The world of Nigeria’s sex-trafficking ‘Air Lords’
Last year, the BBC’s Sam Piranty was given access by the Catalan police, Mossos D’Esquadra, to an investigation into a Nigerian sex-trafficking gang. He spoke to traffickers and women rescued from sexual slavery before filming an early morning raid in November, which led to 23 arrests. He also discovered that the gang is now using London as a gateway into Europe.
It’s 08:00 in the Catalan Police Headquarters on the outskirts of Barcelona and Xavi Cortes, head of the anti-trafficking unit, waits patiently for his 22 teams to confirm they are in position. Finally, he gives the order.
Two-hundred-and-fifty officers quietly climb out of their police vans. Single file, each team approaches a residential building watched by a few surprised neighbours.
On reaching the door, one of the masked police officers uses his fingers to count down. Three, two, one. The door is knocked down, the silence shattered, the officers rush inside.
The raid results in the arrest of the leaders of a Nigerian-based group running an international sex-trafficking ring in Barcelona. It’s known as the Supreme Eiye Confraternity (SEC), or the Air Lords, and 23 people are now behind bars, with European Arrest Warrants issued for those who have left the country.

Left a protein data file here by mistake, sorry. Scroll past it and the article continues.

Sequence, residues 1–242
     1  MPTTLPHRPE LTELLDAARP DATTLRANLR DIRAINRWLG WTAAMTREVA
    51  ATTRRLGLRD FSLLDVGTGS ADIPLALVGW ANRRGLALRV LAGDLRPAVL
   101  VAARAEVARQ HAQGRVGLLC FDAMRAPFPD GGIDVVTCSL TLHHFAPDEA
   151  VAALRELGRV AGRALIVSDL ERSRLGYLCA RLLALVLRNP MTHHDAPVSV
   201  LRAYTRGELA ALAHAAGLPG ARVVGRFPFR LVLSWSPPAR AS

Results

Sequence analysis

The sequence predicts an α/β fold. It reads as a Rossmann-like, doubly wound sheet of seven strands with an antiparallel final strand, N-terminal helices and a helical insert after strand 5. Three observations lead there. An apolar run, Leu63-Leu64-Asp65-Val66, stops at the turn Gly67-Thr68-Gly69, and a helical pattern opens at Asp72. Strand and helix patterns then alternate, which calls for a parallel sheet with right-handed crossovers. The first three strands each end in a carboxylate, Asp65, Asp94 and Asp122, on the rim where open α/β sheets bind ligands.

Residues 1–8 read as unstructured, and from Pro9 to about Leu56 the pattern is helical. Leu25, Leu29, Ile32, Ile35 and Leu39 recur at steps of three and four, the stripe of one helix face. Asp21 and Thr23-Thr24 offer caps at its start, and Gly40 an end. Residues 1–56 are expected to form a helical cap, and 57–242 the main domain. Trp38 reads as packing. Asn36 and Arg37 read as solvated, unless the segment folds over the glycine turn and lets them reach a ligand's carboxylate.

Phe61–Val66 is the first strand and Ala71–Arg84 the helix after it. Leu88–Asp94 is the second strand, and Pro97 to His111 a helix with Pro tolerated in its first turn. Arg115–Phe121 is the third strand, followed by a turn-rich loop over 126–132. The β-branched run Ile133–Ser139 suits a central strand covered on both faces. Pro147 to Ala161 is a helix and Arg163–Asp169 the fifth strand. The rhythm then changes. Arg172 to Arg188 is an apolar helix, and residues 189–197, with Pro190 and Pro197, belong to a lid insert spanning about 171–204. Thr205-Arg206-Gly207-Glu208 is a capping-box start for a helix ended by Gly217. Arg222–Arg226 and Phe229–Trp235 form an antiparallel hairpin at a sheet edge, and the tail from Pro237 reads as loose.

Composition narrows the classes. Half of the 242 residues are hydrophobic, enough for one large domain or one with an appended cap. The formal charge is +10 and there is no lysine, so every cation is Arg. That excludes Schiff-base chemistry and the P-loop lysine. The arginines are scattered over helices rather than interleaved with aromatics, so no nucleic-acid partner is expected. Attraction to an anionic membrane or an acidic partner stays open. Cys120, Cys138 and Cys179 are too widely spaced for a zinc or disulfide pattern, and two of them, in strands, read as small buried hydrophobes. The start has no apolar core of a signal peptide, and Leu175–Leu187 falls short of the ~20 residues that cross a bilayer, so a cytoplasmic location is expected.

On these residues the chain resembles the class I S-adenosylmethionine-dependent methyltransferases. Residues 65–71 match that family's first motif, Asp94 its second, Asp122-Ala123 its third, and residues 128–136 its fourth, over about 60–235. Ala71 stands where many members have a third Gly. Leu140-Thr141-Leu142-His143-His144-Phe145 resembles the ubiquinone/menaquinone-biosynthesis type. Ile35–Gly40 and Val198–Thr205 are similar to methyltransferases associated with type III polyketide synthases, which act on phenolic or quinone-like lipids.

This operation was 18 months in the planning and involved monitoring more than a million phone calls, tapping dozens of mobile phones and months of surveillance.
Cortes and his team first came across the group in 2011 during a forgery investigation, but quickly discovered it was a huge network trafficking women and drugs.
He asks me to look at his screen. On it is a map detailing all the locations they have identified where members of the SEC operate. Cities are marked in Europe, North, West and East Africa, North and South America, the Middle East and Asia.
Eiye in Yoruba, the main language of south-western Nigeria means “bird”. The group’s insignia is an eagle and each city containing members is called a “nest”, with the “mother nest” in Ibadan, about 100km (60 miles) north-east of Lagos.
The group was started at the University of Ibadan in the 1970s, and the original intention was to make a positive contribution to society. Over time, however, many members went astray, committing violence in Nigeria and delving into crime abroad.
The group now traffics human beings and narcotics (cocaine and marijuana) and forges passports. It has also facilitated the transport of stolen crude oil into Europe.
“They are able to earn money in many ways, but we are focused on human-trafficking and the victims,” says Cortes.
His second-in-command, Alex Escola, then tells me something remarkable.
“You know, one of the tappings showed us that last year, on 7 July, around 400 members of SEC met in Geneva. They had a big meeting, all together.”
It was an audacious display of arrogance. In a city where many of the world’s global institutions are headquartered, including numerous UN agencies, a global criminal institution held its own parallel international gathering and no-one tried to stop it.
Benin City, Nigeria, is a human-trafficking hub, and a good place to observe how the criminal operation works.